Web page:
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South Nassau Communities Hospital officially partners with Mt. Sinai

South Nassau Communities Hospital in Oceanside officially became

South Nassau Communities Hospital in Oceanside officially became the Long Island flagship health care institution in the Mount Sinai Health System after trustees' final vote on Tuesday, Jan. 23, 2018. South Nassau is seen Oct. 17, 2017. Credit: Danielle Finkelstein

South Nassau Communities Hospital officially became the Long Island flagship health care institution in the Mount Sinai system after a unanimous vote by the Oceanside hospital’s board of trustees Tuesday night.

Mount Sinai Health System trustees approved the agreement last month, executives said.

Talks were first announced last May when executives on both sides of the affiliation said they intended to explore a formal agreement that would align medical services, management and governance of the two institutions.

No decision has yet been made on how Mount Sinai’s name will be incorporated into that of South Nassau. In a similar affiliation between NYU and the former Winthrop-University Hospital, a formalized agreement resulted in the Mineola institution being renamed NYU Winthrop Hospital.

South Nassau, a 455-bed hospital that has served Long Island’s South Shore since 1928, is expected to expand its facilities under the agreement, with a $120 million capital contribution from Mount Sinai. The cash will aid South Nassau’s five-year master facility plan, which expands the hospital’s surgical facilities, intensive care units, and emergency department.

“Our goal from the outset was to find a partner seeking to expand services on Long Island who, like us, puts patients first, employing cutting-edge science and treatments,” Joseph Fennessy, chairman of South Nassau’s board of directors, said in a statement Tuesday. He led the hospital’s affiliation talks.

The Mount Sinai system is an $8 billion health care provider that includes the Icahn School of Medicine, seven hospitals in the metropolitan area, and a network of more than 6,500 physicians.

“Long Island has been a target for us for several reasons. No. 1, we have a growing physician presence in Hewlett, Nesconset, Huntington, Bay Shore and Manhasset,” said Dr. Arthur Klein, president of the Mount Sinai Health Network. He said about 200 Long Island private practice physicians are affiliated with Mount Sinai.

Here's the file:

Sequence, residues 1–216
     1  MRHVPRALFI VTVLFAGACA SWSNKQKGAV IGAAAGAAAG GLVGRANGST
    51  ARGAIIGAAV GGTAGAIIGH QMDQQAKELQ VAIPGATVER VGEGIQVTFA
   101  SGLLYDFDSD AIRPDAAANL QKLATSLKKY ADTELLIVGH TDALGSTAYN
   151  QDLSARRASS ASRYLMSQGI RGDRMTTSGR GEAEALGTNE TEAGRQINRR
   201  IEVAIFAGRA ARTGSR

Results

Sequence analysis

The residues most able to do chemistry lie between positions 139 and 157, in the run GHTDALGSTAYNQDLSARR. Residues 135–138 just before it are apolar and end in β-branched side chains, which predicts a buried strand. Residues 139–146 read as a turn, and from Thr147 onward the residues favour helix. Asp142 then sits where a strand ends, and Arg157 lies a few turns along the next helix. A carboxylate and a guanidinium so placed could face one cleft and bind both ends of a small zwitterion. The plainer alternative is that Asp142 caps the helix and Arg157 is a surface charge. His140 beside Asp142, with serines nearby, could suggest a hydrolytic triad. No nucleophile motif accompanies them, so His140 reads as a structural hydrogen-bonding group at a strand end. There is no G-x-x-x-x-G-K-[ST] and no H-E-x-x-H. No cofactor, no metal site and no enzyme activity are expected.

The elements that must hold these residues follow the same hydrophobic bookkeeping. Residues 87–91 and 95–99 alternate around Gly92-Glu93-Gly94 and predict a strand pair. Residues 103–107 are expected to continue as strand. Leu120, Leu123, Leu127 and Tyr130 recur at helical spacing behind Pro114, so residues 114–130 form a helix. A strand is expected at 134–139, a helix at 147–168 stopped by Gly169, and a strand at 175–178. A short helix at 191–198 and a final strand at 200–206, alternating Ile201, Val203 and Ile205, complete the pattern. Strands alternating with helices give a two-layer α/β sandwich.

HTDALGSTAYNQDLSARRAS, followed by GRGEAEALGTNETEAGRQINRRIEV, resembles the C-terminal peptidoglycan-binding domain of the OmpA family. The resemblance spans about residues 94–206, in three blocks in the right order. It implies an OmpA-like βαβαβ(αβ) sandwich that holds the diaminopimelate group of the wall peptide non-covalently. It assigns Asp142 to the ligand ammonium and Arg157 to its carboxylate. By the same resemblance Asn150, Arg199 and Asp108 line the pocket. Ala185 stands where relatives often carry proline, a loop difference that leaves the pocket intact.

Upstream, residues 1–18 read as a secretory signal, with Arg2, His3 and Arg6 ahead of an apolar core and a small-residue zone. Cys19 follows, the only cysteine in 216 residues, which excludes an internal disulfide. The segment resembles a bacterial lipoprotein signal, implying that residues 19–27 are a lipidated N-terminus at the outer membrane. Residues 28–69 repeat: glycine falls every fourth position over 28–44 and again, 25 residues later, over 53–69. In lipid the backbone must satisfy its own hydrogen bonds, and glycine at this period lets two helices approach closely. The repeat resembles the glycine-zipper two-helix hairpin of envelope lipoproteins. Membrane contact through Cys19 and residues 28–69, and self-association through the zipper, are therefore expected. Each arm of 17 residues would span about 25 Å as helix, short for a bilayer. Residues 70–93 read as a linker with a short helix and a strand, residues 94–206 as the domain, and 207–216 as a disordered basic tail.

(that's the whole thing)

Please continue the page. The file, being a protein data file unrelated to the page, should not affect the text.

“What we had been lacking was a true institutional partner. Being landlocked here in Manhattan, we thought it was important to grow and expand our reach. So when South Nassau put out a request for partnership proposal, we responded very enthusiastically,” Klein said.

Pre- and post-transplant care, especially for liver transplants, now will be offered in Oceanside with transplants available through Mount Sinai in Manhattan, long a leader in transplant medicine, Klein said.

Richard J. Murphy, South Nassau’s president and chief executive, said the affiliation provides “a unique, once-in-a-generation opportunity” that he predicts will expand the delivery of many advanced health care services for all Long Islanders. He pointed to increased access to clinical trials, enhanced cancer treatment services and state-of-the-art cardiac surgery.

“We will be their flagship hospital on Long Island,” Murphy said during an interview before Tuesday’s vote.

He added that the affiliation will also expand medical education opportunities for doctors-in-training, with the opening of an internal medicine residency program on South Nassau’s campus.

Internal medicine is considered a key residency training program in teaching hospitals. Currently, South Nassau offers residencies in family medicine, general surgery, podiatry, and obstetrics and gynecology.

Another bonus the affiliation brings is Mount Sinai’s close relationship with the Children’s Hospital of Philadelphia, where advanced care for rare and complex disorders has long aided the pediatric population. Sick children treated at South Nassau will now have access to care at the Philadelphia hospital, often called CHOP.

“We are thrilled about what this means for patients and families on Long Island, and look forward to working closely with our Long Island partners to continue advancing care in the region,” Kenneth L. Davis, Mount Sinai Health System’s CEO, said in a statement Tuesday.